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RALEIGH—On Saturday, September 19, the Southern Independent Booksellers Alliance and the North Carolina Writers’ Network will host “Indiependents Day,” a chance for authors to learn about what happens to their books long after they finish writing them, and how books find readers.

Held at the Hilton North Raleigh/Midtown, in Raleigh, this one-of-a-kind event will offer five sessions over the course of the day, from 10:00 am – 5:30 pm.

NCWN members receive a special discount. The cost is $100 for members, $150 for non-members. If you're a member of NCWN, apply the following promotion code at checkout:

NCWNINDIE

Not a member? Join here.

Registration will be capped at 100: Register here.

“Successful authors know that their job isn't done when they complete their latest manuscript,” said NCWN Executive Director Ed Southern. “They know their job's not done when the book is published. ‘Indiependents Day’ will tell authors—working in any genre, with any sort of publisher, including themselves—how to finish their job, and work with bookstores to get their books into readers' hands.”

Led by both booksellers and authors, the sessions begin with “The End Is Not the End,” which will instruct registrants on what an author needs to know (and keep in mind) once he or she finishes writing a manuscript and starts thinking about publication.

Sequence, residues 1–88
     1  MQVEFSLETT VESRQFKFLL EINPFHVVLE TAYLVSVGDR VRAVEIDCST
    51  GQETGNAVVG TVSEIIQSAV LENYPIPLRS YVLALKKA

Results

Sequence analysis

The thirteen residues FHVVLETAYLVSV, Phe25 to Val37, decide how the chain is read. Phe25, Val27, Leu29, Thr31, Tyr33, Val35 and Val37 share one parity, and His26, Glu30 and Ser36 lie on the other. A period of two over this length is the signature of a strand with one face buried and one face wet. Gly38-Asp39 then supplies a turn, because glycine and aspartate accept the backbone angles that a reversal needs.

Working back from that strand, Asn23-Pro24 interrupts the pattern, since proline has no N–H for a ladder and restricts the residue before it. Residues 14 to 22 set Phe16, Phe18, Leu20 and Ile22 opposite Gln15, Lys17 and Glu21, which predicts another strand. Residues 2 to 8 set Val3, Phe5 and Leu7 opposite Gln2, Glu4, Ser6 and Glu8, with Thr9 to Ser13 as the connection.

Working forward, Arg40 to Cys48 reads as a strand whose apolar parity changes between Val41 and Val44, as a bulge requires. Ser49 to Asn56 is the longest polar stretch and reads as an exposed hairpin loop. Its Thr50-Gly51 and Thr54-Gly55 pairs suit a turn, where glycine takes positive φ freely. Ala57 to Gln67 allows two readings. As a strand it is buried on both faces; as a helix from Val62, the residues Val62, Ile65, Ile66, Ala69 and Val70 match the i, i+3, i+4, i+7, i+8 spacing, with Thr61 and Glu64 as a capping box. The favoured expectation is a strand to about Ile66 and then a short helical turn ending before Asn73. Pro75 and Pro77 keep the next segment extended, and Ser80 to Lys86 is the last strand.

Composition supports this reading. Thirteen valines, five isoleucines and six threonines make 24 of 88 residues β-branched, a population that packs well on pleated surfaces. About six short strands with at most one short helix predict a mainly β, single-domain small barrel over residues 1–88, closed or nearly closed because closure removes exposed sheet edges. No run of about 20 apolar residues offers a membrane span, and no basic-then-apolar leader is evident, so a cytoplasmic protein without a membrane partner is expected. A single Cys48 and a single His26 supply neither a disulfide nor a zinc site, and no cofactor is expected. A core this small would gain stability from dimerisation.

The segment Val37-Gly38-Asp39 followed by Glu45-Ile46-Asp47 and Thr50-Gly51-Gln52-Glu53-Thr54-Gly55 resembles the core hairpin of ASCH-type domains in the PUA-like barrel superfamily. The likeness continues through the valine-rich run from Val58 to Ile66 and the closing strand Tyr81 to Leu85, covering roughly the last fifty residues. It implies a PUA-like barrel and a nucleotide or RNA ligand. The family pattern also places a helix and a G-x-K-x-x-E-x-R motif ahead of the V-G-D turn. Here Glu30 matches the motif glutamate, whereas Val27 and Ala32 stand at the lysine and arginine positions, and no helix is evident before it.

Later that morning, “Your Bookseller, Your Friend” will offer a plan for how to get booksellers to stock, display, and hand-sell a book—without bugging them to death.

“Tours of Duty” is the third session, where authors will learn how to plan, promote, and behave themselves on their author tours.

Participants will then break for lunch, and have the option of purchasing a ticket to the SIBA Discovery Show Saturday Lunch featuring Lee Boudreaux, current editor at Ecco Press, who is launching her new imprint at Little, Brown: Lee Boudreaux Books. Registrants may also have lunch on their own.

Post-lunch, Session IV offers “The Shelf Is Not the End (the Reader Is),” what an author needs to do to keep their book(s) on—and flying off—the shelves, after the new-release window has closed and the tour is done.

SIBA’s Nicki Leone (aka Lady Banks) will lead the final session, “What SIBA Does, and Can Do for You.” Here, authors will learn how to work with the Southern Independent Booksellers Alliance to reach bookstores and readers. This session concludes with a tour of the trade show floor, which is likely each registrant's only opportunity to walk the floor, as the show is not open to the public.

Online registration closes Friday, September 11. Register here.

“Indiependents Day” runs in conjunction with the 2015 SIBA 40th Anniversary Discovery Show in Raleigh. Nearly 300 tables manned by southeastern booksellers will fill a trade-show floor that is Southern in its friendliness, social gatherings, and intimacy, and encourages many informal exchanges of ideas.

The Southern Independent Booksellers Alliance is a trade association which represents over 300 bookstores and thousands of booksellers in Florida, South Carolina, North Carolina, Georgia, Louisiana, Alabama, Arkansas, Tennessee, Kentucky, Virginia, and Mississippi. It exists to empower, promote, and celebrate their core member bookstores in a spirit of partnership.